'So what does it, death, smell like then?'
'Like decaying flowers. Roses that have been left standing in the vase for too long.'
Christmas 1970 and Aunty Sarah sat engulfed by Grandad’s armchair, alert, glowing like a frowsty blackbird in the halo of an open fire. The air hung thick with the fumes from Grandad’s homemade barley wine, Aunty Patsies’ Woodbines, and the crackle of her Derry drawl. Sarah had the frame of a famished twelve year old, still I fell caught between the fascination and shyness common when extreme youth is presented with extreme age. Sarah winked at me through the fug.
'Come over ere Darlin.’ Her pitch surprisingly low, I advanced.
'Want t'see my party trick?”
I wasn’t sure, but it was happening anyway, I nodded. With the flair of a card shark, Sarah swept her skirt to the knee to reveal a neat silver leaver. She raised her thigh slightly and there was a staccato recoil as her leg shot violently forward from the joint like Billy Wright taking a penalty for the Wolves. I regained my composure to the explosion of a jubilant chorus from behind.
'Well yoe done it agen Sarah'.
'Another un aint gonna forget yoe in hurry'.
'Jesus Christ Sarah, the chiald’ll be scarred fur life!'
Sarah flourished a wave. I studied the calf of polished mahogany with its serviceable black shoe.
'What’s ‘appened to your leg?'
'It’s not my leg, little un'
'Where’s your other one then?”
'In the freezer at The Royal Infirmary'
'I made the Doctor who took it off promise to keep it there so I could have it buried in the coffin with me when my time comes, I aint goin to ‘eaven without me leg!'
'What if he forgets?'
She grinned, cocked her head. That blackbird again. It opened its sly, yellow, beak.
'Then I’ll haunt ‘im until he remembers,' It sang.
I’m in the back garden, crouching low, squinting into the late summer sun. Dad bends over the rose bushes intent, sweat darkening the rim of his cap, as the spiteful beak of his secateurs nip the stalks and heads off the scarlet roses.
'Yoe see there Bab, cut away the dead rubbish 'n all new growth‘ll come through,' and I watch until all that’s left is a white bleeding stump.
We hope that you enjoyed reading these pieces and if you didn’t win please remember that these were our winners on the day, there’s always another day!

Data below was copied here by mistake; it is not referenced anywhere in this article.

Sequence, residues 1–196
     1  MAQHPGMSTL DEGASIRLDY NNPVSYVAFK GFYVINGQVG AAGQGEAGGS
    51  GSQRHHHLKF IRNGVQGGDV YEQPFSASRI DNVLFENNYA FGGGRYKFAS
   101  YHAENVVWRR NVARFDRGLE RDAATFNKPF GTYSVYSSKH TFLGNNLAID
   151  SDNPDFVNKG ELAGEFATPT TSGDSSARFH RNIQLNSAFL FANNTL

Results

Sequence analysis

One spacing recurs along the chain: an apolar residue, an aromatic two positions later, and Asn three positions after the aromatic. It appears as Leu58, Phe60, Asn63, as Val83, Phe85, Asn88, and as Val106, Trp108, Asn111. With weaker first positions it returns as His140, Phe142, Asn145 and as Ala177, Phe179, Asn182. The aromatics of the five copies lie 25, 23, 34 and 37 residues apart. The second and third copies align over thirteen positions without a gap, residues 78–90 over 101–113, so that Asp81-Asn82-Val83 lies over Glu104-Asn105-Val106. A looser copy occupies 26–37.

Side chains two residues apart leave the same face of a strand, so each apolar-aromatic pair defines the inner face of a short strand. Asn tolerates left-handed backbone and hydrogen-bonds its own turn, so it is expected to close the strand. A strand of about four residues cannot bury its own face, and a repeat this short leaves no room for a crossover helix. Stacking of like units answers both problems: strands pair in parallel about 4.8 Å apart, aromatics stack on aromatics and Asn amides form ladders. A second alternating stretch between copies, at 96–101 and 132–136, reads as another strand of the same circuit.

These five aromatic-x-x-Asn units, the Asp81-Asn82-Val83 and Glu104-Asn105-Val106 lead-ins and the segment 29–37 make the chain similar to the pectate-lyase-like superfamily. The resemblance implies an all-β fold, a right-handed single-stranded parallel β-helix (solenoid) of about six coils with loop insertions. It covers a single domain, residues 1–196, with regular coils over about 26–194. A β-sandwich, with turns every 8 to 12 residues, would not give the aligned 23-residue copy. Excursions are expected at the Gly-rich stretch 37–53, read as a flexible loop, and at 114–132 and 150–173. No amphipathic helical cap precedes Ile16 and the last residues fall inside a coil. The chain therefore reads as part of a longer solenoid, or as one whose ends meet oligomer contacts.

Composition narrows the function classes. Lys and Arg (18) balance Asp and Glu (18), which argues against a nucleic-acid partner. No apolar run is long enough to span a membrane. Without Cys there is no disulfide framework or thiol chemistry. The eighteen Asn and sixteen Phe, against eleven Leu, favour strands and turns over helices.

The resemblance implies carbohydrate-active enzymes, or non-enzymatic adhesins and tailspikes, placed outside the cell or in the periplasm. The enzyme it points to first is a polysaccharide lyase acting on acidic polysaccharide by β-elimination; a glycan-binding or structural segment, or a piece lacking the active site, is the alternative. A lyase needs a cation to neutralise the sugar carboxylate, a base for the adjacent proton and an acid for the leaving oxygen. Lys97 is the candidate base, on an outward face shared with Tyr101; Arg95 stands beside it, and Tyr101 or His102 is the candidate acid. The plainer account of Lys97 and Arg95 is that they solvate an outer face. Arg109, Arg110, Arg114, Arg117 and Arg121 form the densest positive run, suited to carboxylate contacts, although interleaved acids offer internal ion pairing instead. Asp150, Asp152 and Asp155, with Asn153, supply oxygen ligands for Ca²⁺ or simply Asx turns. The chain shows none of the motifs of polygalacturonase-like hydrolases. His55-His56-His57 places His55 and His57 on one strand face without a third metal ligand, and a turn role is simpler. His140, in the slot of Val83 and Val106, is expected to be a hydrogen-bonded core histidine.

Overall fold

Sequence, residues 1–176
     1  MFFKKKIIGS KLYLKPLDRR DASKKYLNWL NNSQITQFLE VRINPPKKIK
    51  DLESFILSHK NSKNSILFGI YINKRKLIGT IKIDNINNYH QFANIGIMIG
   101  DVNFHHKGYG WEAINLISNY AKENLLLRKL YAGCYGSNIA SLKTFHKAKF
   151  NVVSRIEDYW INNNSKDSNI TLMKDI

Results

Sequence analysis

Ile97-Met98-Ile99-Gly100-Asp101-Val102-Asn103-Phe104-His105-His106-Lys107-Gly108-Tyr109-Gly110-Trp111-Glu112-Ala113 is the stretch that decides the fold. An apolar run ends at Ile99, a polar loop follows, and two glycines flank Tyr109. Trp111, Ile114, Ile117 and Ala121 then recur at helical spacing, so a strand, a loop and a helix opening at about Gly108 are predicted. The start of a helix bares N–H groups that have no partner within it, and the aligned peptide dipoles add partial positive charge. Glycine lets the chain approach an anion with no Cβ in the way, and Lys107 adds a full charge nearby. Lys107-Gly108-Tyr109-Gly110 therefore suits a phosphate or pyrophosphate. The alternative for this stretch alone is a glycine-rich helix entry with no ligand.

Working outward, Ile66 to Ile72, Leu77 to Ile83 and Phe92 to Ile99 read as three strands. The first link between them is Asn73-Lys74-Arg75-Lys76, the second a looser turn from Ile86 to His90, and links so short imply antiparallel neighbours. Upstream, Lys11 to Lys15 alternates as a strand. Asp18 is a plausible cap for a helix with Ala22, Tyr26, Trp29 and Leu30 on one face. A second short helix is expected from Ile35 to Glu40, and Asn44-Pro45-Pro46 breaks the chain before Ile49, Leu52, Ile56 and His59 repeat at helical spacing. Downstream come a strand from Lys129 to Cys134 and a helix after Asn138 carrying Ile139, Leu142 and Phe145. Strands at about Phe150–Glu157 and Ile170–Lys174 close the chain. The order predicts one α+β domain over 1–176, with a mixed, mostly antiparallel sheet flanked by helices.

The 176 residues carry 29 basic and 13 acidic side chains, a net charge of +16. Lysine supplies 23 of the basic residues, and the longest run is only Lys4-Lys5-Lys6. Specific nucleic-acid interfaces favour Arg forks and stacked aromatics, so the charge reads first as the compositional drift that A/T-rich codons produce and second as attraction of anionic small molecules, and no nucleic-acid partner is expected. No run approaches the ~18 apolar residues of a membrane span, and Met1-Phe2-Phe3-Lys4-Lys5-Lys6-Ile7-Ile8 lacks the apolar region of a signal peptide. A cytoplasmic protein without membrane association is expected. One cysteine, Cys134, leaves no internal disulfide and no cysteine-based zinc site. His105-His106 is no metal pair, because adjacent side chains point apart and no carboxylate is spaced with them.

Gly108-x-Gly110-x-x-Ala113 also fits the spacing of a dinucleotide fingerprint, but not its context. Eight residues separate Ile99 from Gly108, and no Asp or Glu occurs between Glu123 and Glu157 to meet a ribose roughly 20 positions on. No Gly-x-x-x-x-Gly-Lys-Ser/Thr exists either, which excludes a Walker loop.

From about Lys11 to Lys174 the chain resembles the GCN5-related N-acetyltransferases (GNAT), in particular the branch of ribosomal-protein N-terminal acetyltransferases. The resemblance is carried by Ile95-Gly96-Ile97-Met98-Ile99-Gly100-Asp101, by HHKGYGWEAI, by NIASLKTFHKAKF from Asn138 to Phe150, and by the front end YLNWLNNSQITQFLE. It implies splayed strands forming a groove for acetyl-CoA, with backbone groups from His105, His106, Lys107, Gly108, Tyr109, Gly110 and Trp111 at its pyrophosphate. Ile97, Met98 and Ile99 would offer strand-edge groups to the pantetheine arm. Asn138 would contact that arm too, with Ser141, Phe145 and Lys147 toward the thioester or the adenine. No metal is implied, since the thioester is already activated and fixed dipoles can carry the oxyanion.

THIS COMPETITION IS NOW CLOSEd.
Writing Competition Rules
1. This is a competition for people who are 40 years old and over and living in the UK who have not had a book published by a trade publisher. Entries are allowed from people who have had a work or works published in an anthology. Entries are welcome from people who have self-published their own work.
2. The competition is to write a piece of lyrical non-fiction e.g. an essay, life writing, nature writing etc. Any Non-fiction genre you like of 500 words or under. There is no minimum number of words.
3. The competition closes at dawn on October 25 2021. Entries received after that will not be read.
4. The judges will be Authors Marc Hamer and Kate Hamer.
5. Each work must be the authors own work. Any quotations used must be credited in the text.
6. Winners will be notified by email.
7. Entries must be made by Email to: email@example.com with the Title: Non-Fic Comp. In Either Word or Mac Pages format.
8. There is no entry fee.
a)The winning entry will be published on this dedicated Competition Page at www.hamerwriter.com, and a link to the page will be tweeted. The only information included on the page about the work will be the work itself and the name the work was submitted under. Copyright remains with the author except for this one instance.
b) a selection of five recent non-fiction books selected by the judges.
c) cash prizes of: 1st Prize - £250, 2nd Prize - £175, 3rd prize - £100.
10. The judges decision is final and no correspondence will be entered into.
Cash prizes are sponsored by Robert Caskie of Robert Caskie Ltd, literary agents
The inspiration for this competition came from this article in the Independent by: @Claire_Coughlan